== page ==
This new image from NASA’s Dawn spacecraft reveals more details of the dwarf planet Ceres.
Craters and mysterious bright spots are beginning to pop out in the latest images of Ceres from NASA’s Dawn spacecraft. These images, taken February 12 at a distance of 52,000 miles (83,000 kilometers) from the dwarf planet, pose intriguing questions for the science team to explore as the spacecraft nears its destination.
“As we slowly approach the stage, our eyes transfixed on Ceres and her planetary dance, we find she has beguiled us but left us none the wiser,” said Chris Russell, principal investigator of the Dawn mission, based at UCLA. “We expected to be surprised; we did not expect to be this puzzled.”
Dawn will be gently captured into orbit around Ceres on March 6. As the spacecraft delivers better images and other data, the science team will be investigating the nature and composition of the dwarf planet, including the nature of the craters and bright spots that are coming into focus. The latest images, which have a resolution of 4.9 miles (7.8 kilometers) per pixel, represent the sharpest views of Ceres to date.
The spacecraft explored the giant asteroid Vesta for 14 months during 2011 and 2012. Scientists gained numerous insights about the geological history of this body and saw its cratered surface in fine detail. By comparing Vesta and Ceres, they will develop a better understanding of the formation of the solar system.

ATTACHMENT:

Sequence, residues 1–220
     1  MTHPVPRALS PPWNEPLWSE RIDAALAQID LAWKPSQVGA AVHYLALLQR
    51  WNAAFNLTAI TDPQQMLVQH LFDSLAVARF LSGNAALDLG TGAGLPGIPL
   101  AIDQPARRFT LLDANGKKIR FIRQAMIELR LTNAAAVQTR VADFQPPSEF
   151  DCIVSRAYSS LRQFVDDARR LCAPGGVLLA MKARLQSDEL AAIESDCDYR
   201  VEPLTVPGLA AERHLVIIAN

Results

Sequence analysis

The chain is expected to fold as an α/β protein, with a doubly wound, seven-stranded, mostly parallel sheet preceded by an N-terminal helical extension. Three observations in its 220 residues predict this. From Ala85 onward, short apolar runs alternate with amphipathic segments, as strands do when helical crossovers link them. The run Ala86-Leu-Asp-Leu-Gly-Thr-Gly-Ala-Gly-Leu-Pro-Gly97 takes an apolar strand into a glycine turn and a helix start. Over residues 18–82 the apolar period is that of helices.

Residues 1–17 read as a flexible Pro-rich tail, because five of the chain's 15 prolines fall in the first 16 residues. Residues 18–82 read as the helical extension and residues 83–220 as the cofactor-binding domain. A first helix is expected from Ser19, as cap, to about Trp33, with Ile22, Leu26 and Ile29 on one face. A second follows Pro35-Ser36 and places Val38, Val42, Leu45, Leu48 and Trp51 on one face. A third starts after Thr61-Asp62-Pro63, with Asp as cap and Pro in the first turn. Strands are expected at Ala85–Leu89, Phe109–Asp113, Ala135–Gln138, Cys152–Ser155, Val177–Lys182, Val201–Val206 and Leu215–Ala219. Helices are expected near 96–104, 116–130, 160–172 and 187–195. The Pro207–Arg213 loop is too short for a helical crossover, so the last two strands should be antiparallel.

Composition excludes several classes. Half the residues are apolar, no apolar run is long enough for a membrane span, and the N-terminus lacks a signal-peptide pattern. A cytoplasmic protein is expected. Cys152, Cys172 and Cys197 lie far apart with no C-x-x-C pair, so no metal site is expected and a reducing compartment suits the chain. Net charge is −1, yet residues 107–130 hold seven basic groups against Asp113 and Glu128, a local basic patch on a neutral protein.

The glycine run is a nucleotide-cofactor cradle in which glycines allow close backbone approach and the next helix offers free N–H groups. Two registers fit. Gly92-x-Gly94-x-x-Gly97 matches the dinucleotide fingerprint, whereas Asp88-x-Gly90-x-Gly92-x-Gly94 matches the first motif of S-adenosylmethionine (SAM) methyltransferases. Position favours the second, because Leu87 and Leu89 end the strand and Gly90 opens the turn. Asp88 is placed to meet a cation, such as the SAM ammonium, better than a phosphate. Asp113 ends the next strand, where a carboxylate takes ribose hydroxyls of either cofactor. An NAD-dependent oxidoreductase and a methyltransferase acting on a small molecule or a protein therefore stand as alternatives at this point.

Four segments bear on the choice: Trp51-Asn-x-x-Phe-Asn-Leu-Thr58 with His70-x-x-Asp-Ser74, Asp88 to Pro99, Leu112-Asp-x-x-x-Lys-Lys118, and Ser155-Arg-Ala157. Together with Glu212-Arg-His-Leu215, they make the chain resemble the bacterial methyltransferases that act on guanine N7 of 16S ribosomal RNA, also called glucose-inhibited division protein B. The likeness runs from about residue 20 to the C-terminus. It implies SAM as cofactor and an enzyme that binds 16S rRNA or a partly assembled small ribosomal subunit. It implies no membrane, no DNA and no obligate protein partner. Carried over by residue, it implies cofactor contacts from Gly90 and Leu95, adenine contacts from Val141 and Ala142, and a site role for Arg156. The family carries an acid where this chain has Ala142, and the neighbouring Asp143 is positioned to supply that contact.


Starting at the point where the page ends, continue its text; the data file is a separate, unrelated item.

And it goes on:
Dawn’s mission to Vesta and Ceres is managed by the Jet Propulsion Laboratory for NASA’s Science Mission Directorate in Washington. Dawn is a project of the directorate’s Discovery Program, managed by NASA’s Marshall Space Flight Center in Huntsville, Alabama. UCLA is responsible for overall Dawn mission science. Orbital ATK, Inc., of Dulles, Virginia, designed and built the spacecraft. JPL is managed for NASA by the California Institute of Technology in Pasadena. The framing cameras were provided by the Max Planck Institute for Solar System Research, Gottingen, Germany, with significant contributions by the German Aerospace Center (DLR) Institute of Planetary Research, Berlin, and in coordination with the Institute of Computer and Communication Network Engineering, Braunschweig. The visible and infrared mapping spectrometer was provided by the Italian Space Agency and the Italian National Institute for Astrophysics, built by Selex ES, and is managed and operated by the Italian Institute for Space Astrophysics and Planetology, Rome. The gamma ray and neutron detector was built by Los Alamos National Laboratory, New Mexico, and is operated by the Planetary Science Institute, Tucson, Arizona.